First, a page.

2nd Round Table on “Overseas Investment by Bangladeshi Entrepreneurs”
Shafiul Islam Mohiuddin, President of the Federation of Bangladesh Chambers of Commerce & Industry (FBCCI) was present in the event as the Chief Guest, while Mr. Ajit Kumar Paul, Member of BIDA was present as the Special Guest. The Round Table was held on 25 July 2017 at the IBFB Conference Hall
Overseas investment has numerous potentialities to increases the efficient use of productive resources especially when home country faces infrastructural inadequacies including shortage of adequate land, power and energy. If Bangladesh fails to take advantage of such opportunities, then other countries will definitely do so for which it will limit the scope of increasing GDP growth and poverty alleviation at least to some extent.
Like the investors of neighboring countries such as India, Pakistan and Sri Lanka, Bangladeshi entrepreneurs should be allowed to explore the enormous investment opportunities prevailing around the world.
The suggestions strongly came in a 2nd Round Table on “Overseas Investment by Bangladeshi Entrepreneurs” organized by the International Business Forum of Bangladesh (IBFB) in its Conference Hall. IBFB is a business think tank conducting research and advocacy on Overseas Investment by Bangladeshi Entrepreneurs for last three years. Based on the advocacy work of IBFB, currently Bangladesh Investment Development Authority (BIDA) is considering to formulate a policy for liberalizing the Overseas Investment by the Bangladeshi Entrepreneurs.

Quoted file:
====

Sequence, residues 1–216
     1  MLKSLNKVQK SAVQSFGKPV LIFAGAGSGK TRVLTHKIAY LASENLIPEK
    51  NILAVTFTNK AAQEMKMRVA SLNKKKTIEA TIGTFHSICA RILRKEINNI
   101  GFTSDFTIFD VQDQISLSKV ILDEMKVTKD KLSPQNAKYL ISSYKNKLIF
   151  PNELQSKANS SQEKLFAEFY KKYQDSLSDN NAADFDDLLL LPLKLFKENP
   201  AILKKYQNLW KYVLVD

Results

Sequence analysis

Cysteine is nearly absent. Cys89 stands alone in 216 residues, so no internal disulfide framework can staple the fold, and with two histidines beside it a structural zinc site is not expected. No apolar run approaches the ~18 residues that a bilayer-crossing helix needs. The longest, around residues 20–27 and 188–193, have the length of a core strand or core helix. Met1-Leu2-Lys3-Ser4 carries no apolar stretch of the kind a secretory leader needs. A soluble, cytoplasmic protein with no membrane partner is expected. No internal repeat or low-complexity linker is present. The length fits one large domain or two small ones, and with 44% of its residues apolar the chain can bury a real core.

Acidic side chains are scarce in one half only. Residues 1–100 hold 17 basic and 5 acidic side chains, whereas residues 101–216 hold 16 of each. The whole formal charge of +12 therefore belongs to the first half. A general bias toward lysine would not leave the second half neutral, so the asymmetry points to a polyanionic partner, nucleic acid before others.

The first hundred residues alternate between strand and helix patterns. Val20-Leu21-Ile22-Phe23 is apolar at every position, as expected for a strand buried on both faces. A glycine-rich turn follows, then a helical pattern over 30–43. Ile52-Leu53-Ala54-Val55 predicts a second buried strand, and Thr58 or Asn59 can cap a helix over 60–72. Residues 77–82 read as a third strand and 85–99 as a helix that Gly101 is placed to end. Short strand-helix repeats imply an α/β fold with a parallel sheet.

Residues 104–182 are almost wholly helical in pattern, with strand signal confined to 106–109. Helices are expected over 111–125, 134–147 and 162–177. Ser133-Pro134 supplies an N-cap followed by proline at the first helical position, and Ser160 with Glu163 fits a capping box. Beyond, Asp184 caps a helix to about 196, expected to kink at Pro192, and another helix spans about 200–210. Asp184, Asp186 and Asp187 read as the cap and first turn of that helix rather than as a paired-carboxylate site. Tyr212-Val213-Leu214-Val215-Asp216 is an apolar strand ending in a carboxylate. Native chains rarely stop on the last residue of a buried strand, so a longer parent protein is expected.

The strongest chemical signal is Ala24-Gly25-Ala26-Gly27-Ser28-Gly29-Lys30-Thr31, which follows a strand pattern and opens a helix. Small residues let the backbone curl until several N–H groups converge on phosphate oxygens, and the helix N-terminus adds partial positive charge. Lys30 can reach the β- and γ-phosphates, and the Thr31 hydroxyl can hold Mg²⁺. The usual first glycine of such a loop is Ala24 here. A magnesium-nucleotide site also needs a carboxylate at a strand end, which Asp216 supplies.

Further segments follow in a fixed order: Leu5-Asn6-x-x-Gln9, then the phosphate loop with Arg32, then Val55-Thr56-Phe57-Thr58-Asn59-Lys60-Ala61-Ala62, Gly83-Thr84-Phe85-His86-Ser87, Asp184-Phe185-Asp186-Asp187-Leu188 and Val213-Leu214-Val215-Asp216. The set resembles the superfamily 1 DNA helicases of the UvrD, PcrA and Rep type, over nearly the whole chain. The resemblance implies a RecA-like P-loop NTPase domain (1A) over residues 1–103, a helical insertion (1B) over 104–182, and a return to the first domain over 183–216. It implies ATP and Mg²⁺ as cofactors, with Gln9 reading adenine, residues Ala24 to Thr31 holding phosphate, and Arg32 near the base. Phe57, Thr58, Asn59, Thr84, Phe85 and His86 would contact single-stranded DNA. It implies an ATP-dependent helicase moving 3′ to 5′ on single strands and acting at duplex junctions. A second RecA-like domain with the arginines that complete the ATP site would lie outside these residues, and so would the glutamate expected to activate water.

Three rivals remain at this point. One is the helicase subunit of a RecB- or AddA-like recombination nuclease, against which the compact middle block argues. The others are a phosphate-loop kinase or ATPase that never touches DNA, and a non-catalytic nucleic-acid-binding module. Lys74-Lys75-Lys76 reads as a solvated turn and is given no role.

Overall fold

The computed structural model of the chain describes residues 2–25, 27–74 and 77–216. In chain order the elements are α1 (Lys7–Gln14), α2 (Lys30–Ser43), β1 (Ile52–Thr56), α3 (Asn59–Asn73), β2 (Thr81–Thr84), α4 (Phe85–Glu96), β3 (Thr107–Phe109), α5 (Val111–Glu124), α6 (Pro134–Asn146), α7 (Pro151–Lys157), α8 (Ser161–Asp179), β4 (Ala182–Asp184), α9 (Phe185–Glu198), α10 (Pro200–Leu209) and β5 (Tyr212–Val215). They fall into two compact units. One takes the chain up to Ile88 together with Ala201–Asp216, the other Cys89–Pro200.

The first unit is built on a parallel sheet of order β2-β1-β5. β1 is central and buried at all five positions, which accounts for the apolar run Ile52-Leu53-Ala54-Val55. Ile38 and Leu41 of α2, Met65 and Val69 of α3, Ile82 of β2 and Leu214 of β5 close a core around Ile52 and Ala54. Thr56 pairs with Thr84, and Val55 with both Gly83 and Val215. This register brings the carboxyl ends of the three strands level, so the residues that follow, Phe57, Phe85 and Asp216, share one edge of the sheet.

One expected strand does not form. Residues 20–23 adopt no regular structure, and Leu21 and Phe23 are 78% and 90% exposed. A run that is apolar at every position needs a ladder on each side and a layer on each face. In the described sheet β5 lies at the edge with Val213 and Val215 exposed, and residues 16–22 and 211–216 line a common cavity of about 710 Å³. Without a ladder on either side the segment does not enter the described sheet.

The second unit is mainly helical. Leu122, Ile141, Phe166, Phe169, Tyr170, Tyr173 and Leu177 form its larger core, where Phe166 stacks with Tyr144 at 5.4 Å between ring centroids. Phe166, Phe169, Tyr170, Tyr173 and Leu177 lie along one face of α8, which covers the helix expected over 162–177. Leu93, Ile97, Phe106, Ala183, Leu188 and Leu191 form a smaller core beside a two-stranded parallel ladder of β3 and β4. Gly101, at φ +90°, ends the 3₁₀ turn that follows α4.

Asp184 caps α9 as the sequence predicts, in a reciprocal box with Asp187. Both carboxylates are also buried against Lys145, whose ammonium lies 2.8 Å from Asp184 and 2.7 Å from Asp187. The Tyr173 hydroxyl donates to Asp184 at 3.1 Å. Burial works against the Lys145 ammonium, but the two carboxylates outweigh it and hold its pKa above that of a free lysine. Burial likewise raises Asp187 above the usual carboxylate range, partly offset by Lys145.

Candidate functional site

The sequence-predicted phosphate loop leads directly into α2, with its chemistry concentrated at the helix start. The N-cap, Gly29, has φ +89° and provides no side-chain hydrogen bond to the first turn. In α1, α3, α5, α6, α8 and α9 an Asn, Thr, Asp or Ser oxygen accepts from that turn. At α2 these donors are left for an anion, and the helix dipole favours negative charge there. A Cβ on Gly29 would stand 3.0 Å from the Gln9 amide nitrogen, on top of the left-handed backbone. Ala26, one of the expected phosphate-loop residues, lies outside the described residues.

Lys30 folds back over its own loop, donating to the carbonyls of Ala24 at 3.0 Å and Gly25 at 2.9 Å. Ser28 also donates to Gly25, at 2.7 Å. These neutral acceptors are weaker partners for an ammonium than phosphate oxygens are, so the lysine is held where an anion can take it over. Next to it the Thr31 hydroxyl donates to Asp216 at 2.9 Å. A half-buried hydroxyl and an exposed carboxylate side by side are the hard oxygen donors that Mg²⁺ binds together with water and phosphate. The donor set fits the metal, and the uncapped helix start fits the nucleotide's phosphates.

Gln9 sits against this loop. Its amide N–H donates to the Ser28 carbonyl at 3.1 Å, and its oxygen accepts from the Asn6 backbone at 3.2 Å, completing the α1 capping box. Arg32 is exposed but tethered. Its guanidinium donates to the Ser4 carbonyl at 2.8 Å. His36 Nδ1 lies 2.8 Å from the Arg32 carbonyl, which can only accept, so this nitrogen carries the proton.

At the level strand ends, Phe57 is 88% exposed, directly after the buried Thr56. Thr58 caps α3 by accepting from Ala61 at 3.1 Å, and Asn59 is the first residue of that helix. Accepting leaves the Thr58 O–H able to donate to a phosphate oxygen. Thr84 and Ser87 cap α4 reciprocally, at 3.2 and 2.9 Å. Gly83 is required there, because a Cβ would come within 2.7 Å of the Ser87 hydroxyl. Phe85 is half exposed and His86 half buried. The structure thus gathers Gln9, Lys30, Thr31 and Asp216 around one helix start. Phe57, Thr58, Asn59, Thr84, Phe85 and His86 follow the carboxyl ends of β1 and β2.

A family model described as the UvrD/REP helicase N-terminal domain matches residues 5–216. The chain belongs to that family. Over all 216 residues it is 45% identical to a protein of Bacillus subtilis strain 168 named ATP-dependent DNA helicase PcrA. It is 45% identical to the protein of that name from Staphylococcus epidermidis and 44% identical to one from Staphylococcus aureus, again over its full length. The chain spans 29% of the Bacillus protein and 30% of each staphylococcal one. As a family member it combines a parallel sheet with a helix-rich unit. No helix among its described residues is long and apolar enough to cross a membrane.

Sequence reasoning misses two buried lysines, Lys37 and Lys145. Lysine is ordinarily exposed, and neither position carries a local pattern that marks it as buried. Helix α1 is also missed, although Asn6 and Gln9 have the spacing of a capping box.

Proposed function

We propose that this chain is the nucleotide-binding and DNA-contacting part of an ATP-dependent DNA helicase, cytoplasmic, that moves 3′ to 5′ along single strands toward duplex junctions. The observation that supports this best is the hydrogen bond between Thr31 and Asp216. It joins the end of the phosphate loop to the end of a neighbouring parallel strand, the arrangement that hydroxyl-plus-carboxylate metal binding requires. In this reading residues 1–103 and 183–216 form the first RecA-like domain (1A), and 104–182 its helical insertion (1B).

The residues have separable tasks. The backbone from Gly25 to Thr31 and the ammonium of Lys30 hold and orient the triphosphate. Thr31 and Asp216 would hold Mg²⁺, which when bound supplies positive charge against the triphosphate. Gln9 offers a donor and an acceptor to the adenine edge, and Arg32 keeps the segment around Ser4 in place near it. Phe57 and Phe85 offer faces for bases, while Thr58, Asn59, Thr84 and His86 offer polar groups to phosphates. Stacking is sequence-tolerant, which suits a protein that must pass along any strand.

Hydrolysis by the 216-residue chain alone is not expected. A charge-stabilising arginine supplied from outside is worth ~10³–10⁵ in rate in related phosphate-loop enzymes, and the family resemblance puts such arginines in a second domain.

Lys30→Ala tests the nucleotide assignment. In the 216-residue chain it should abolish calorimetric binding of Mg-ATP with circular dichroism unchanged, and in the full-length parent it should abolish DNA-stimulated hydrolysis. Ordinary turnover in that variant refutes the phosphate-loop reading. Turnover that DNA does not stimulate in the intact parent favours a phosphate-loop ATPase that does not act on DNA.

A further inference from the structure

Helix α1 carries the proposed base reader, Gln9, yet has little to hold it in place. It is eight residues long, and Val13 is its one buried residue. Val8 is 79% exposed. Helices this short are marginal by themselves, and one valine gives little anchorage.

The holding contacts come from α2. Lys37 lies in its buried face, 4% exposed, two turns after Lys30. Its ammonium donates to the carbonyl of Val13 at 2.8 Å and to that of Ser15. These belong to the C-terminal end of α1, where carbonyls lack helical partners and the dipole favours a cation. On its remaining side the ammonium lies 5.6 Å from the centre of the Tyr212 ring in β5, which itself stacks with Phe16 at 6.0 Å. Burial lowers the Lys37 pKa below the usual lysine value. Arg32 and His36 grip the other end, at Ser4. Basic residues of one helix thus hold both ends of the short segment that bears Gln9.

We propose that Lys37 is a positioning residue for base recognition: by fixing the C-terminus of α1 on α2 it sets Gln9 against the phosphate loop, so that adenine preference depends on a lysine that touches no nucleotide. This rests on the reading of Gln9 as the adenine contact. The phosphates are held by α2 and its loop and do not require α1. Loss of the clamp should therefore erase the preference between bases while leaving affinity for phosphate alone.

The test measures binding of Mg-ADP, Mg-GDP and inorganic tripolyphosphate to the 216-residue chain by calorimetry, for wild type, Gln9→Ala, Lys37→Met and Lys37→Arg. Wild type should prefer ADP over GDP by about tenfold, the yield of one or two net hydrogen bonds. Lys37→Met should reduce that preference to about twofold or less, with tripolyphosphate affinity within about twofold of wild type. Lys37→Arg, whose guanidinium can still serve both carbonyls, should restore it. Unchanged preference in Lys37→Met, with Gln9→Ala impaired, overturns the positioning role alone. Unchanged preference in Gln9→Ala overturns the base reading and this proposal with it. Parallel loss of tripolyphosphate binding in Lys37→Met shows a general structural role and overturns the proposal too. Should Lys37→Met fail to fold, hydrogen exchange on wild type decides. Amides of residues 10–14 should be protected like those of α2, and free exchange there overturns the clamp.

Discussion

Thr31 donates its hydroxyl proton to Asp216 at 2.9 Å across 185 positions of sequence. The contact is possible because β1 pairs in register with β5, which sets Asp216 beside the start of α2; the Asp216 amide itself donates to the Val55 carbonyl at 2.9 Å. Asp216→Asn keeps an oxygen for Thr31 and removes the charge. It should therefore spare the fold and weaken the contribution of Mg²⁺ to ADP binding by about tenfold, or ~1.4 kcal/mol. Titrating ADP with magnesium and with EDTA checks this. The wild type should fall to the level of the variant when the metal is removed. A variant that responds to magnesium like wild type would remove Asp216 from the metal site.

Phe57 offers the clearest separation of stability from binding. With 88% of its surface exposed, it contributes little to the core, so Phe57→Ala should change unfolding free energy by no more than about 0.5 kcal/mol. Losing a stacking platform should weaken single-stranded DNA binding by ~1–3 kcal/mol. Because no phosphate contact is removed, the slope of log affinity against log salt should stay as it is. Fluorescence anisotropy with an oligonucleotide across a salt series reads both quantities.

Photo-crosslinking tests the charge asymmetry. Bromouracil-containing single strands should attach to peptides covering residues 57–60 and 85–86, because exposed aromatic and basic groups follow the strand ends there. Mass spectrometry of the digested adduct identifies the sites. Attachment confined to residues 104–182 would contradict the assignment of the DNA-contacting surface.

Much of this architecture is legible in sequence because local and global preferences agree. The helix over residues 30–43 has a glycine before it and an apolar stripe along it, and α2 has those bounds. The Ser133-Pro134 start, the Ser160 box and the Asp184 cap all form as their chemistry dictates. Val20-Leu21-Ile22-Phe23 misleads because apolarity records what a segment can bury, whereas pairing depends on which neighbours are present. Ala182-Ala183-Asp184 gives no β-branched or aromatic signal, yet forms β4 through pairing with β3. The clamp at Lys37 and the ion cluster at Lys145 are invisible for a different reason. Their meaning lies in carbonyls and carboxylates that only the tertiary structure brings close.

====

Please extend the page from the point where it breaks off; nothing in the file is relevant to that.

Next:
Shafiul Islam Mohiuddin, President of the Federation of Bangladesh Chambers of Commerce & Industry (FBCCI) was present in the event as the Chief Guest, while Mr. Ajit Kumar Paul, Member of BIDA was present as the Special Guest.
Mr. Hafizur Rahman Khan, President of IBFB chaired the seminar.
The Keynote Paper titled Policy Recommendations for Facilitating “Overseas Investment by Bangladeshi Entrepreneurs” by Mr. M. S. Siddiqui, Director of IBFB and Legal Economist.
It was mentioned in the Keynote Paper that global FDI flows are projected to surpass $1.8 trillion in 2018. Many firms from developing countries have gone to the foreign shores in 1960s, 1970s and 1980s (e.g., the first outward venture of India was in 1956), but in case of Bangladesh, things are a bit different. There are some restrictions on overseas investment by Bangladeshi entrepreneurs since its birth, which contradicts with government policy of pursuing free market economy. In 2012, 2013 and 2014 outward FDI of Bangladesh was USD. 43, 34, and 48 million respectively.